There are so many no-nos and “good advice” from during pregnancy. One of the questions is about drinking coffee. We asked Sally Collins to investigate.
As a mum-to-be buying your morning latte, are you given disapproving looks from your fellow cafe-goers? Do well-meaning people tell you what you already know – that herbal tea is considered to be a safer beverage and that gentle yoga is an excellent energy booster? It’s hard to give up caffeine with its mildly addictive properties, especially when your hormones are zapping your energy. Yet, whilst caffeine is widely regarded as a no-no during pregnancy, there is no conclusive evidence that proves the dangers of caffeine to your unborn child.
So how do you make up your mind what’s right for you?
Here we delve into the very latest health recommendations and solid scientific research so that you can make your own informed opinion on this issue of caffeine in pregnancy.
What exactly is caffeine?
Caffeine is a naturally occurring chemical stimulant found in certain fruit, leaves and seeds. It’s mainly consumed in infusions extracted from coffee and tea plants, but it can also be found in cola, chocolate and energy drinks. When ingested, caffeine heightens the body’s alertness and creates a surge of energy.
How can caffeine affect my baby?
During pregnancy, caffeine is metabolised slowly and crosses the placenta into the baby’s bloodstream. Developing babies lack the enzymes to break caffeine down, so it stays in their bodies causing potentially damaging effects. There’s some debate as to what these effects are and whether or not to switch to a decaf version during pregnancy.
Fact or fiction: Caffeine causes low birth weight in babies
Research conducted by the Universities of Leeds and Leicester has shown that high levels of caffeine in pregnancy can result in babies having a low birth weight, which can in turn increase their risk of diabetes, high blood pressure and heart disease in adulthood. These findings form the basis of the Food Standards Agency’s current recommendation to limit caffeine intake during pregnancy and keep levels below 200mg a day. This equates to two mugs of homemade coffee or just one from a high street chain.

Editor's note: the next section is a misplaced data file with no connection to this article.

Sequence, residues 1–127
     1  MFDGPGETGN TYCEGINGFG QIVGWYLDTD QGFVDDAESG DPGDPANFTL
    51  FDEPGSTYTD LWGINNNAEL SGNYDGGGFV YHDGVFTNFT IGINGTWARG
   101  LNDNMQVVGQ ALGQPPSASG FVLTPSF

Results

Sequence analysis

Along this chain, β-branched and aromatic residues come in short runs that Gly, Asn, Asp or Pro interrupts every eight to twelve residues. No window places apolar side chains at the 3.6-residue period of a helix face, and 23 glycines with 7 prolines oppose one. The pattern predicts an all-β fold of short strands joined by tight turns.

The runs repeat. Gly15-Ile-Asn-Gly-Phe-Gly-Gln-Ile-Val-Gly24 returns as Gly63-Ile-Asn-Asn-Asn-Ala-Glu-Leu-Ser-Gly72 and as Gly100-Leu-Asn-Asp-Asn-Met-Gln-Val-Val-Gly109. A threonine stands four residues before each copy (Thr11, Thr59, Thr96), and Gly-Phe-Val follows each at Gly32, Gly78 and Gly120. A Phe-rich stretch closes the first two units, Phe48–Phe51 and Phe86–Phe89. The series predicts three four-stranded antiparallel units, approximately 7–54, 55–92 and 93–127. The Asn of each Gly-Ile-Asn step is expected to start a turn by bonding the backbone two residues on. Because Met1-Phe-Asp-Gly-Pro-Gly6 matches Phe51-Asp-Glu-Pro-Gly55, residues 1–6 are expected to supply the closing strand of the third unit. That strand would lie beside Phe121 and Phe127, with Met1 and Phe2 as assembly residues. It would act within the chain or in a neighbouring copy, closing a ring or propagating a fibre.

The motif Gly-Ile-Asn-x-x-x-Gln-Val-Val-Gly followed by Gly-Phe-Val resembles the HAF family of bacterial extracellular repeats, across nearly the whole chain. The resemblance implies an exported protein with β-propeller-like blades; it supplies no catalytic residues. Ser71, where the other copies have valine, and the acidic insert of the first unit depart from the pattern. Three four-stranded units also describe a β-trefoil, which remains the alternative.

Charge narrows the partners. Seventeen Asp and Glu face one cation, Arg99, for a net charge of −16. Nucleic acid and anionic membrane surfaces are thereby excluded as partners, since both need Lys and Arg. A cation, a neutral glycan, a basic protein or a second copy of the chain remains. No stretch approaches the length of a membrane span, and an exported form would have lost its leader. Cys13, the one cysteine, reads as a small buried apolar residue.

However, a more recent Norwegian study has thrown doubt on this recommendation by showing that an intake of 200mg of caffeine can still increase the risk of giving birth to a lighter baby. This raises the question of whether caffeine should be cut out altogether during pregnancy.
Fact or fiction: Caffeine causes miscarriage
Surely the most feared risk when pregnant, miscarriage has been shown to be linked to high caffeine intake in some studies, whilst others show conflicting results. A study published in the American Journal of Obstetrics and Gynecology found that women who drank more than 200mg or more of caffeine a day doubled their risk of miscarriage compared with women who drank no caffeine. However, limitations have been pointed out in this study, and further research published in Epidemiology has shown no increased risk of miscarriage in women who drank between 200-350mg of caffeine per day. The jury seems to be out!
Fact or fiction: Caffeine causes premature birth
You may hear people state that caffeine can increase the risk of premature birth, however, research studies do not confirm this. In fact, the Norwegian study found that coffee intake was linked with a marginal lengthening of pregnancy, although it was not clear whether this was caused by caffeine or another coffee ingredient.
So in summary…
There is little conclusive evidence to show the precise effects of caffeine intake on pregnancy. However, the fact that some studies suggest adverse effects may urge many mums-to-be to err on the side of caution and limit their caffeine intake. Decaffeinated drinks are a safe alternative, as are herbal teas and fruit juices. Just keep an eye on your tea and coffee intake, and stay sensible!
About the author
Sally Collins is a professional freelance writer with many years experience across many different areas. She made the move to freelancing from a stressful corporate job and loves the work-life balance it offers her. When not at work, Sally enjoys reading, hiking, spending time with her family and travelling as much as possible.